Personally, I feel everyone deserves to know their fate and have some control. Maybe my opinion is a little care-bear, but I think it's the "fair" thing to do.
1. Tell him what's wrong. Help as well as you can. If you see he's not even using Wild Growth, point that out in the "what's wrong" conversation. Having said that, it's his toon, not yours. I'm not saying you need to go read up on how to be a world top 100 resto druid and advise him. You need to tell him why you are concerned about keeping him in the group and IF you can find anything specifically wrong, include that info.
2. Give him a reasonable amount of time to show improvement. What is "reasonable" varies. For this issue, my personal feeling would be probably at least two weeks as long as you see improvement each time. For instance, if you see 10k improvement on week one, then that gives him a shot to get another 10k next week and be at the 20k you said he's short.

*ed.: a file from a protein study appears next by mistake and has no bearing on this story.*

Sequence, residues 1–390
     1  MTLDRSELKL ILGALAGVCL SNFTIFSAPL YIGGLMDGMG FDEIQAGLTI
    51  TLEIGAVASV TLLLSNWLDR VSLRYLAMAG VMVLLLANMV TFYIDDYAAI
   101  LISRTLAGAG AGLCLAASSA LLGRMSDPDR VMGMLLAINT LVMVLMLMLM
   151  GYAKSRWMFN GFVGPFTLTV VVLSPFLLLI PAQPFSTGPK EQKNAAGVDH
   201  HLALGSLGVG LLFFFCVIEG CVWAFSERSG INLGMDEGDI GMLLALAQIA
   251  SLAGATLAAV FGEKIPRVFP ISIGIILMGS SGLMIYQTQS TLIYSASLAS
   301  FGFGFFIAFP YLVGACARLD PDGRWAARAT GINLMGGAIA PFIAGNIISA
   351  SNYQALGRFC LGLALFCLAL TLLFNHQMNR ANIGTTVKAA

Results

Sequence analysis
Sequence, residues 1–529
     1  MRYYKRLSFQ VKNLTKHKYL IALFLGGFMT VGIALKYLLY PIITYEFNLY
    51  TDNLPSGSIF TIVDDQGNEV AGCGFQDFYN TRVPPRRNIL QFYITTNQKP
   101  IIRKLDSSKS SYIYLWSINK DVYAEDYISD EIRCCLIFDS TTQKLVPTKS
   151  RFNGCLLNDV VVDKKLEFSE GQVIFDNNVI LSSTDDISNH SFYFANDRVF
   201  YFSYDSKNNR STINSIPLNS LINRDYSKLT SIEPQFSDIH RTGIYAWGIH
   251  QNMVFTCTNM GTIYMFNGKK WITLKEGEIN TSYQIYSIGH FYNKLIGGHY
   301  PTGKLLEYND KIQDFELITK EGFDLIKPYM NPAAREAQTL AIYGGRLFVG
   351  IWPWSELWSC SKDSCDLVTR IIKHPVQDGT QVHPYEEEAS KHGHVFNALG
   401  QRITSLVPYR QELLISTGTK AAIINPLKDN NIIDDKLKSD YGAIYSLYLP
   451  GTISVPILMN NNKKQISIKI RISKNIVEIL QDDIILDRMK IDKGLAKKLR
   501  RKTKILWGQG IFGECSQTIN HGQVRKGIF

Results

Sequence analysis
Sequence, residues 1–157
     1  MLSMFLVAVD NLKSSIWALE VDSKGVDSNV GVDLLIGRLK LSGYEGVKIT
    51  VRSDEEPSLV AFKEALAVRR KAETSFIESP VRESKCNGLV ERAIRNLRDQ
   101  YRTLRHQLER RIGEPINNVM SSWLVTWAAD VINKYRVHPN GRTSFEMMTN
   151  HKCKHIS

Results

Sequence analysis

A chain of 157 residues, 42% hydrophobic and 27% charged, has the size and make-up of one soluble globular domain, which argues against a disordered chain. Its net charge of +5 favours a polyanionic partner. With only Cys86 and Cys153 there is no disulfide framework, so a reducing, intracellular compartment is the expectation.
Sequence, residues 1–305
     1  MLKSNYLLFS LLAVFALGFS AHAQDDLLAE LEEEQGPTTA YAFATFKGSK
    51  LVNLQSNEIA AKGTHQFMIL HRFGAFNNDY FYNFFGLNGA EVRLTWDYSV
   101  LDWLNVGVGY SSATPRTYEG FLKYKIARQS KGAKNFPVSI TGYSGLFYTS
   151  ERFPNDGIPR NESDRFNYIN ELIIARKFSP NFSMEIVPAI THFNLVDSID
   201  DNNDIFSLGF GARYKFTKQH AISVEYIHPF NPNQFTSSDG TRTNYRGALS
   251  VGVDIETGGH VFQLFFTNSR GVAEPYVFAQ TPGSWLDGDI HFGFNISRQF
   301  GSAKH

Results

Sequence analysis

3. Be supportive. If he needs to run a bunch of heroics for practice on methods/reforging/tricks whatever that he has read up on and you can go, then go with him. Help him as long as he is putting in the effort to help himself. Not only will this possibly help him, it is team building, loyalty building and gives you more time to assess him and his improvements...or lack thereof.
4. If you need to sit him after giving him a fair shot of knowing why and having a chance to improve himself, tell him what it would take for him to earn his spot back. Give him a goal he can work towards. He may not ever try or may not get there even if he does, but at least that is HIS fault for not taking action and no blame is yours for just abandoning him.
"he doens't need healing, he doesn't need healing, he doesn't nee-WHAOSHIT!wtf was that man!". Please stop leaning on TDR. -Teng